A presentation can be done individually or as a group, and provides an opportunity for students to show what they have learnt or created, for example presenting the findings of a case study, reflecting on their experiences, or reporting on their research. Presentations allow students to practice presentation and organisation skills: speaking to an audience, responding to questions, planning timings, creating presentation media and supplementary handouts.
Preparation time Student workload Marking time
Literacies and skills exhibited
One and two-way communication; communication within a group
Working independently and working within a group
Writing for and presenting to different audiences
Creating and performing
Researching, investigating, interpreting and organising information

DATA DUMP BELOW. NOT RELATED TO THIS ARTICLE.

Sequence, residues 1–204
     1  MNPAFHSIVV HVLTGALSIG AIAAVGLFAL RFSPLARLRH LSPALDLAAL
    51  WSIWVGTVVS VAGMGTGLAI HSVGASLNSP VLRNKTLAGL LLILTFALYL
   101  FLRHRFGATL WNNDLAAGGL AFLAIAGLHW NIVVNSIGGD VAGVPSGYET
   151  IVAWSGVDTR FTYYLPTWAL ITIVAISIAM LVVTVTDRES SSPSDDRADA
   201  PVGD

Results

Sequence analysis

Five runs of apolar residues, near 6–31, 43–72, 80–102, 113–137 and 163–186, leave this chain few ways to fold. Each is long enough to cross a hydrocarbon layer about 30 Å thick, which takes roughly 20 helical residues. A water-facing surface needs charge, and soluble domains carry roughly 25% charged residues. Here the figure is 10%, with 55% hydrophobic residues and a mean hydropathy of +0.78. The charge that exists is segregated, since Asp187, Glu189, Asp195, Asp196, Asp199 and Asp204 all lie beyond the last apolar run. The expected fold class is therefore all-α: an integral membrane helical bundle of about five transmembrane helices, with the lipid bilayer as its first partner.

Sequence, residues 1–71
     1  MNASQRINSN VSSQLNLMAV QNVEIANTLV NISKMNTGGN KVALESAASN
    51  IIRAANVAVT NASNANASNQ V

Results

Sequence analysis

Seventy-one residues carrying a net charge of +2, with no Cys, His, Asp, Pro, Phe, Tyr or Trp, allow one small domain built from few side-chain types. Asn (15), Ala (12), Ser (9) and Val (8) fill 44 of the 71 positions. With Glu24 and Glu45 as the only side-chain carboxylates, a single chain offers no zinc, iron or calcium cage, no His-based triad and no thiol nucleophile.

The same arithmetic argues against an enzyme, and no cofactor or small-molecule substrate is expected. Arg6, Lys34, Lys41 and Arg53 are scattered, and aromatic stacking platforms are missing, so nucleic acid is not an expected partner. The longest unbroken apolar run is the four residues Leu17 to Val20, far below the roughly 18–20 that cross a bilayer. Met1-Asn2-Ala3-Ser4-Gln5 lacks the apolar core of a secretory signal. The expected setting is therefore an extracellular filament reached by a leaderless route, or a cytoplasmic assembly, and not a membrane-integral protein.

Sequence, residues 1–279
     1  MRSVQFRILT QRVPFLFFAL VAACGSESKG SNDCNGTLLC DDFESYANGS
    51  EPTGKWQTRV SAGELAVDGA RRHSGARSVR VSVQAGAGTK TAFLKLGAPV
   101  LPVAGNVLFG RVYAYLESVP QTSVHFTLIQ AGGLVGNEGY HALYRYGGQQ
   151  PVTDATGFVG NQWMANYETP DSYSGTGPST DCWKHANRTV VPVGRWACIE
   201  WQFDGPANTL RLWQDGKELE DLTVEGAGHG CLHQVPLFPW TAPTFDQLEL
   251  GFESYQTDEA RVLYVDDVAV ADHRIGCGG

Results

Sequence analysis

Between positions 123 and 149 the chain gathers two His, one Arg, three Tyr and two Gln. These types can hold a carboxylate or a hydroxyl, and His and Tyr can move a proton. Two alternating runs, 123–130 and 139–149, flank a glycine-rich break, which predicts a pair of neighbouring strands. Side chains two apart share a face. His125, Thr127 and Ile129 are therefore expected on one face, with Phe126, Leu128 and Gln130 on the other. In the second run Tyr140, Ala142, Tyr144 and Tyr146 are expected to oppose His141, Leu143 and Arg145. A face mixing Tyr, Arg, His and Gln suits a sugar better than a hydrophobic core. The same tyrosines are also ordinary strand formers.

- Write, script and produce audio or video
- Demonstration (of media, or an approach; with accompanying commentary)
- Poster presentation
Assessment of oral presentations is normally by a single or multiple markers observing the presentation; peer marking (students marking each other's presentations) also works well, although there is some evidence that students tend to mark higher than tutors in this setting. Rubrics or simple marking categories help to guide students and standardise marking.
The benefit of oral presentation is that feedback can be given immediately, by both tutors and peers: through questions for each presenter, and by inviting and giving general feedback once each presentation has finished. A relaxed, discursive environment will elicit more feedback from students than a formal setting.
Guide to time involved in preparation, marking, and student workload: Low Medium High